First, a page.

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'Kids Need To Be Connected': Grants Help Fund Vt. Summer Programs, But Staff Needed

A person in a mask in front of a black board
Peter Hirschfeld
/
VPR
Middlebury Union Middle School teacher Martha Santa Maria stands for a portrait. She's among the educators planning to try and create fun for Vermont's kids after more than a year of social isolation.

Gov. Phil Scott has vowed to provide summer programming to any student who wants it this year, and education officials are now trying to find the workforce they’ll need to fulfill that promise.

Last month, Scott delivered a sobering assessment of the state of Vermont’s youth.

“Our kids are not okay,” he said during a COVID-19 media briefing in early April.

Fourteen months of isolation from classmates and teachers has taken a toll on children, according to Scott, and surveys show increased rates of anxiety, depression and other mental health issues among students of all ages.

Scott says Vermont can use the summer months to begin to repair the damage.

“I’ve got veteran principals who have said this has been by far the toughest year in their careers. I’m worried about what our retention rate is going to be — this is the time of year when we start seeing openings. I’ve talked to at least three or four principals in the last couple weeks that just said, ‘I can’t do this anymore.’” — Jay Nichols, Vermont Principals' Association

In Middlebury

Middlebury Union Middle School is home to about 280 seventh and eighth graders. On a recent cloudy Thursday morning, however, the parking lot was almost empty.

“It’s vacation week,” Middlebury Union teacher Martha Santa Maria explained.

Santa Maria was spending her so-called vacation getting her classroom ready for a return to fulltime in-person learning.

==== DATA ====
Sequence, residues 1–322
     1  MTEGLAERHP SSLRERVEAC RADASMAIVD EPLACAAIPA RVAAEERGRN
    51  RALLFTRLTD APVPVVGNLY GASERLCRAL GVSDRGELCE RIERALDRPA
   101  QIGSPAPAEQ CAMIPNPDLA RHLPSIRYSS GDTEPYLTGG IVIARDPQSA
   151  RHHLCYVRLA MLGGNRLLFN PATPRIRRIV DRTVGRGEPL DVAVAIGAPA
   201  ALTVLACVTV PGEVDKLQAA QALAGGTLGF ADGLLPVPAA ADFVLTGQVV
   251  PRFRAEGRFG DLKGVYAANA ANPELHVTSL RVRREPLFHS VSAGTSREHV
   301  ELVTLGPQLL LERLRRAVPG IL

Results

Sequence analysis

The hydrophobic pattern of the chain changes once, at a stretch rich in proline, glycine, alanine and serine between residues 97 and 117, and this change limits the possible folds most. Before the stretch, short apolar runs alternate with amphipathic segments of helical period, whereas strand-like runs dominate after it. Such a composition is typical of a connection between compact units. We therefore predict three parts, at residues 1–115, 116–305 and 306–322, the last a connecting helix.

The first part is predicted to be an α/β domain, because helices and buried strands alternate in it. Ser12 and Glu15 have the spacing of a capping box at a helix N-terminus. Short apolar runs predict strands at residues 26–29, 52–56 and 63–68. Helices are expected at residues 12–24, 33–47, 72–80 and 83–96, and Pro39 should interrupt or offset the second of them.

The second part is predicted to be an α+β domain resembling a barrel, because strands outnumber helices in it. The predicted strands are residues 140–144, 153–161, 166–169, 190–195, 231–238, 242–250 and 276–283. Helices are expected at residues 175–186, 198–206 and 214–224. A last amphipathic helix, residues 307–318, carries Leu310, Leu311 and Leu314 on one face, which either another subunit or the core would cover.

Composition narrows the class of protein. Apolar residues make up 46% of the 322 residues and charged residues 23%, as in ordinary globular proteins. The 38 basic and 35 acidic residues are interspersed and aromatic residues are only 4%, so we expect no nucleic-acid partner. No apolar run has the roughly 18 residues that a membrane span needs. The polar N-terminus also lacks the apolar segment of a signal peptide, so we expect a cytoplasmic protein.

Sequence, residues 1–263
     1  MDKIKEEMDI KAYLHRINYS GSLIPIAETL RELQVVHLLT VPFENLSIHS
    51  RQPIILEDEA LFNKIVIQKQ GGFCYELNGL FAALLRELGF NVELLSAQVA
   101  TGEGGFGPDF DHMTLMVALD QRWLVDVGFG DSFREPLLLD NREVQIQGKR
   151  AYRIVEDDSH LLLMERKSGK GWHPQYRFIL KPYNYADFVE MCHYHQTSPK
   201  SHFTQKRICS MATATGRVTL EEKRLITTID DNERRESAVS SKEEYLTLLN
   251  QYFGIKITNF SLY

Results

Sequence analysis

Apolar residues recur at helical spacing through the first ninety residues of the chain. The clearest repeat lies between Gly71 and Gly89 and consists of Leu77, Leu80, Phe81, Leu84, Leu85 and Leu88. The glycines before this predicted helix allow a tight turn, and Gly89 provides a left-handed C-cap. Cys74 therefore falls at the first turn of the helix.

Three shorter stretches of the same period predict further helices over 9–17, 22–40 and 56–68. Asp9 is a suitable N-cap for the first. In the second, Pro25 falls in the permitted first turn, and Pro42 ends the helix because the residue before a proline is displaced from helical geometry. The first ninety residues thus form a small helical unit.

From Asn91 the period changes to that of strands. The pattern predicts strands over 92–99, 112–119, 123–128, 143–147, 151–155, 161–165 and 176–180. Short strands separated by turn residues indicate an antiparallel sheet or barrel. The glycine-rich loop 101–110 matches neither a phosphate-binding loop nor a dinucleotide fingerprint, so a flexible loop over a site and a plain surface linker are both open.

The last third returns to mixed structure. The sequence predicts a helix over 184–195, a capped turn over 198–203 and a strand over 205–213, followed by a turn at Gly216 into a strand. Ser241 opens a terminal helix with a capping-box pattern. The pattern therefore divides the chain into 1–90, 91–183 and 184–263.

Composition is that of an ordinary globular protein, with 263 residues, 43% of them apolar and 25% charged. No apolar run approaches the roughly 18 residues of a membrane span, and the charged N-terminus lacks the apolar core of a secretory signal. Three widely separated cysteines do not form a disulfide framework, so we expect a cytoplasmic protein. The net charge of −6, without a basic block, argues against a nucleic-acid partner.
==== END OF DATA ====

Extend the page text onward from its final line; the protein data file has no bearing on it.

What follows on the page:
“And so to try to go from … 10 kids in the classroom at 6 feet apart to 17 or 18 people at 3 feet apart, it’s been taking some maneuvering,” she said.

Educators like Santa Maria have been maneuvering almost non-stop since the pandemic arrived last March.

“I see my colleagues work 65 to 85 hour work weeks, no exaggeration,” Santa Maria said.

So you’d assume Santa Maria is counting off the days until the last day of school, so she can finally unplug and catch up on lost sleep.

Santa Maria has no such break in mind, though. And she says her thoughts are already turning toward summer school. 

“I’ve always had to beg for grants, and really try to work 14-hour days in the summer to get kids what I felt that they needed,” she said. “And here we are, and we have some money, and we have an opportunity to really transform what summer program looks like.”

The federal money

That money Santa Maria’s referring to is coming from the American Rescue Plan Act, signed into law by President Joe Biden in March.

The federal legislation allocates more than $70 million for afterschool and summer programs in Vermont. And education officials are busy trying to figure out how to spend it. The Vermont Agency of Education has hired Vermont Afterschool to administer a program called Summer Matters — it will award grants of up to $75,000 to summer programs willing to expand hours or take on more kids.

More from VPR: Poll: Vermonters Support More State Funding For Child Care